Sisterhood is a big appeal of Greek life for Aleezah Adams, president of the Black Student Union and member of Delta Sigma Theta Sorority Inc.

“I really loved the sisterhood that Delta provides me with. The dedication to the community, especially the black community, and giving back was what really attracted me,” Adams said. 

Adams crossed Delta Sigma Theta in the spring of 2023 of her junior year. Her sorority is a part of the National PanHellenic Council. NPHC, also known as the Divine Nine, is a collection of nine historically Black greek letter organizations. It comprises five fraternities and four sororities, and on Elon’s campus, there are six active chapters—Alpha Phi Alpha, Omega Psi Phi, Kappa Alpha Psi, Phi Beta Sigma, Alpha Kappa Alpha and Delta Sigma Theta. 

While they are their own individual organizations, they work together on some events to build community. Adams said the support NPHC organizations provide the Elon community, especially the Black community, is crucial.

“I think NPHC collectively provides a space for Black students to come and learn more about culture, and everyone in NPHC prides themselves on service and uplifting one another,” Adams said.

Kymani Jackson | Elon News Network
Members from Kappa Alpha Psi, Delta Sigma Theta and Alpha Kappa Alpha handing out roses for Valentine’s Day 2024.

The greek organizations at Elon focus on service in the Alamance County community. In the past, they have orchestrated drives for clothes, school supplies, food, and feminine products, as well as events to help community members with voter registration and writing to Congress.

Darius Harris, a member of the Elon football team and Omega Psi Phi Fraternity Inc. said another type of service NPHC organizations provide is a sense of belonging for many students in the Black community as prominent figures on campus. 

“I believe we all help to show that although you may not feel like you belong, you are still wanted here, and you will always have a safe place with us," Harris said.

According to Elon University’s Fraternity and Sorority page, 42% of undergraduate students are involved in greek life on campus. There are 25 organizations on campus and three different councils—Interfraternal council, Panhellenic Association and National PanHellenic Council. For some students, growing up around greek life isn’t uncommon, others have family members who participated or are still active members of organizations in graduate chapters. That’s the case for senior, Dylan Tucker, whose father is a member of Phi Beta Sigma Fraternity Inc, making him a legacy. 

“Growing up, that was just what I was around,” Tucker said. “My uncles were Sigmas, and my dad too. It’s kind of why I even looked into joining a Black greek letter organization in the first place.”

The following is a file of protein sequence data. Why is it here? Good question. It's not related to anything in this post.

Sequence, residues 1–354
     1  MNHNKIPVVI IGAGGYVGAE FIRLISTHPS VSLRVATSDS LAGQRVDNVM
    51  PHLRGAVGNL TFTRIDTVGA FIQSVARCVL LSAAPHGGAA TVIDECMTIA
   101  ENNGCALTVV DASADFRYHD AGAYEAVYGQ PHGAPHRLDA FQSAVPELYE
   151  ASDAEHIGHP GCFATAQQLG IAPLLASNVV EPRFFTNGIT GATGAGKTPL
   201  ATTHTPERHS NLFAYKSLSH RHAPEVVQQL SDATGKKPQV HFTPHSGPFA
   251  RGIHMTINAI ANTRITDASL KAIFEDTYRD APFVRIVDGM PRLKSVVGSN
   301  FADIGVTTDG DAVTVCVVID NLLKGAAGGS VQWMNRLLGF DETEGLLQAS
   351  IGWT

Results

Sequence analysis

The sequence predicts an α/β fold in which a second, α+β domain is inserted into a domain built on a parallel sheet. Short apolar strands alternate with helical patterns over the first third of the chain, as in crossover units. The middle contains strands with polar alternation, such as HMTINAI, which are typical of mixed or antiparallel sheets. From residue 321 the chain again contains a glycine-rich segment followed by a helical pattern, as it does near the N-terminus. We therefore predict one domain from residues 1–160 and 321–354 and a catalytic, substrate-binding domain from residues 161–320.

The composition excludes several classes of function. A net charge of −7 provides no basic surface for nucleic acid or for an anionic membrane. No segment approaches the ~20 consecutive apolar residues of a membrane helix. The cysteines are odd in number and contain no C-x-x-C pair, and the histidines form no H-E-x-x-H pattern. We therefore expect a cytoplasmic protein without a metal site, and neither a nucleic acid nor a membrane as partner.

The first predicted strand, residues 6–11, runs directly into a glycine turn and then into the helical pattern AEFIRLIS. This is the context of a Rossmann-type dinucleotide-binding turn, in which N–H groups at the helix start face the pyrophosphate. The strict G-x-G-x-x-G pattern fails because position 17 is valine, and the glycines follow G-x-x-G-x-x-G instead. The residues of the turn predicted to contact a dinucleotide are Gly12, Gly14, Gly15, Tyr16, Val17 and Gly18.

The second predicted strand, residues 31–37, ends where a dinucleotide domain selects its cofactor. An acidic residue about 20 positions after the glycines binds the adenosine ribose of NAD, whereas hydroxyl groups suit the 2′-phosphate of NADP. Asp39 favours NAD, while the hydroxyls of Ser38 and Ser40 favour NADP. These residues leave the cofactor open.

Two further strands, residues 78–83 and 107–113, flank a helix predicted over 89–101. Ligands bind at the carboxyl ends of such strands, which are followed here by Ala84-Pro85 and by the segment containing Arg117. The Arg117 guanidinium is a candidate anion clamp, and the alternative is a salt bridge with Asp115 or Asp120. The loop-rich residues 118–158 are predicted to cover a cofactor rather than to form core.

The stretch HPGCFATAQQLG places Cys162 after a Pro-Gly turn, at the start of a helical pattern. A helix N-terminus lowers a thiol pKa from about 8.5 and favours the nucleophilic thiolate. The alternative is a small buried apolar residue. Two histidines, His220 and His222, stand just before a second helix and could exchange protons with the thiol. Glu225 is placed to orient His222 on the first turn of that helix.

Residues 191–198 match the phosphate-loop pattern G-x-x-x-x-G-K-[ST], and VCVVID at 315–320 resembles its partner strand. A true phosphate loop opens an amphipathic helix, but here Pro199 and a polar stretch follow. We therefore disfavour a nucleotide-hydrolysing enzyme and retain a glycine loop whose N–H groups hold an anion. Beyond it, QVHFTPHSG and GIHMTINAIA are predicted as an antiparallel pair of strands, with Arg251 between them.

Senior Ja’Dun Michael, member of Kappa Alpha Psi Fraternity Inc, said he saw how his mentors and people he admired who belonged to Kappa Alpha Psi carried themselves and knew that it was the organization for him. 

“One of my mentors is a member of the frat. I saw the way he and others I’d met carried themselves and treated others,” Michael said. “It was consistent amongst each member, which essentially influenced me.”

Some students who had no knowledge of greek life still find their way into these organizations. Senior Demetria Hall, a member of Alpha Kappa Alpha Sorority Inc., didn’t have any knowledge about Greek life until she went to her parent's homecoming. 

“They went to Tuskegee, and one year we went to their homecoming,” Hall said. “I just remember being on the yard and seeing all these colors and wondering, ‘What is all this?’” At the time, Demetria didn’t know that in a couple of years, she’d be a member of one of the organizations she looked at in awe. 

According to the U.S. Small Business Administration, the National PanHellenic Council has over 2.5 million active members across the U.S., with chapters spanning across all 50 states. There are collegiate and graduate chapters highlighting the lifetime commitment these organizations require. 

Joseph Glover, an adviser for the Divine 9 organizations and a graduate chapter member of Alpha Phi Alpha Fraternity Inc, said one of the aspects of NPHC organizations that sets them apart from other student groups is that it’s not something that stops after college.

“These organizations are a lifelong commitment. Oftentimes, you won’t see that in IFC or PA organizations. You have the opportunity to join even after college.” Glover said. “Another thing these organizations, I think, often provide is a sense of purpose, especially when students think about why they join. It pushes them to do and be better.” 

These organizations have deep ties to historical periods and people in U.S. history. Civil Rights leader Martin Luther King Jr. was a member of Alpha Phi Alpha, Shirley Chisom – founder of the first black caucus and the first black woman to run for the presidency —  was a member of Delta Sigma Theta and Vice President Kamala Harris is a member of Alpha Kappa Alpha.

Ahmarion McLeod, a junior and member of Alpha Phi Alpha, believes having these historical figures that were members in these organizations promotes more involvement from younger generations and strengthens the foundations of his organization.

“It makes them see that we stand firmly on the foundation of being dedicated to developing leaders, promoting brotherhood, encouraging academic excellence and service for minority communities. And it promotes involvement,” McLeod said.